BY LINCOLN ANDERSON | Soho actor Neal Huff is known to fans of “The Wire” as Michael Steintorf, chief of staff to Mayor Tommy Carcetti.
Now, in the Academy Award-nominated film “Spotlight,” Huff plays a pivotal supporting role as Phil Saviano, a child sex abuse survivor who helps the Boston Globe’s Spotlight investigative team blow open the hidden plague of pedophile priests in the Boston Archdiocese. The Globe won the 2003 Pulitzer Prize for Public Service based on the Spotlight team’s reporting.
The film also stars Michael Keaton as Spotlight Editor Walter “Robby” Robinson, Mark Ruffalo and Rachel McAdams as reporters Michael Rezendes and Sacha Pfeiffer and Liev Schreiber as Marty Baron, the tough-minded new editor who pushes the team to tackle the story.
Huff plays Saviano as frazzled and frustrated: He had pitched a story to the Globe years earlier about priest abuse in Worcester, but it only resulted in one article that was hardly far-reaching enough, and there was no follow-up.
“Spotlight” is like a “Watergate” for our age, a fascinating look inside a journalistic investigation into a huge story. But the magnitude of the issue “Spotlight” focuses on — sexual abuse within the Catholic Church, which is a worldwide problem — makes the Watergate scandal pale by comparison. It’s a front-runner for Best Picture at this Sunday evening’s Oscars.
Huff grew up just outside the Bronx, in Pelham, and attended New York University’s Tisch School of the Arts, where he honed his thespian skills.
“I loved it because I was finally getting to do what I wanted to do,” he said of N.Y.U. “We were, like, hermetically sealed. We were 17 students together for three years. I definitely wouldn’t have wanted to go anywhere else.”
Huff was in the cast of “Take Me Out,” which won the Tony Award for Best Play in 2003.
He was on seasons four and five of “The Wire” in 2007 and 2008. His character’s main role was to try to keep Mayor Carcetti’s hands clean, so that he could run for governor. Carcetti was said to be based on Martin O’Malley.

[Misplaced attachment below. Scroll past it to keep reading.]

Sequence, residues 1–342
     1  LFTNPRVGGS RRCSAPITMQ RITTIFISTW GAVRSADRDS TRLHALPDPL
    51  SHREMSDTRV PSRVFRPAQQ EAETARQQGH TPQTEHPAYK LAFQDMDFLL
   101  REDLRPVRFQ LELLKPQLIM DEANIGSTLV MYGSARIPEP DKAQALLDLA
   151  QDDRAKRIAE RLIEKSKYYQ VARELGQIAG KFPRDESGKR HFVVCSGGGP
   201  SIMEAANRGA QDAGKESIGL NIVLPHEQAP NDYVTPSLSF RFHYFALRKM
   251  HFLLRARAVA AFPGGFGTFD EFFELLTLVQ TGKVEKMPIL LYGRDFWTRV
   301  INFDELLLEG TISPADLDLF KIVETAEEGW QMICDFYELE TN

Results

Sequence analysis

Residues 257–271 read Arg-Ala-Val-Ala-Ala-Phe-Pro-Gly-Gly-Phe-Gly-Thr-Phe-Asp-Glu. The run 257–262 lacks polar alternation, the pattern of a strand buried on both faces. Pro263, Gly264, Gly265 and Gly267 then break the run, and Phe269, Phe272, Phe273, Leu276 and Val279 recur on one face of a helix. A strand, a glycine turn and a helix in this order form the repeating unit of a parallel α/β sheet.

“If you know anything about Baltimore, you know ‘The Wire’ was completely accurate,” Huff said. “President Obama has said in the past his favorite show is ‘The Wire,’ and Martin O’Malley said it’s his least favorite show.”
Huff noted that DeRay Mckesson, an activist in the Black Lives Matter movement, now looks like he is going run for mayor of Baltimore, “which I think is going to be wonderful,” he said.
In researching his role for “Spotlight,” Huff viewed letters that concerned Massachusetts priests had written about sexual abuse that was occurring in the Church. Yet, the language was always very veiled and vague.
“It’s amazing,” he said, “how archbishops talk around what was going on — even in letters among higher-ups to other higher-ups — about moving priests around.”
During the making of the movie, Huff was in close contact with Saviano, who had started the New England chapter of SNAP (Survivors Network of those Abused by Priests).
Robinson and Rezendes watched some of the filming, and walked up and complimented Huff after the scene where he plays Saviano in his first encounter with the Spotlight team. They told him he nailed it.
“Robinson said he thinks this is the final taboo,” Huff said. “There are so many taboos about speaking out against your family. He feels this is the next frontier, as an investigative journalist.”
(In a similar vein, The Villager recently broke the story of legendary Lower East Side gardener Adam Purple’s previously untold history of sexually abusing his own daughters and former stepdaughters. As first reported by The Villager, Purple, real name David Lloyd Wilkie, served up to two years in prison in Australia for molesting his oldest former stepdaughter.)
Huff admitted that “Spotlight” did have “a lot of special resonance” for him on a personal level.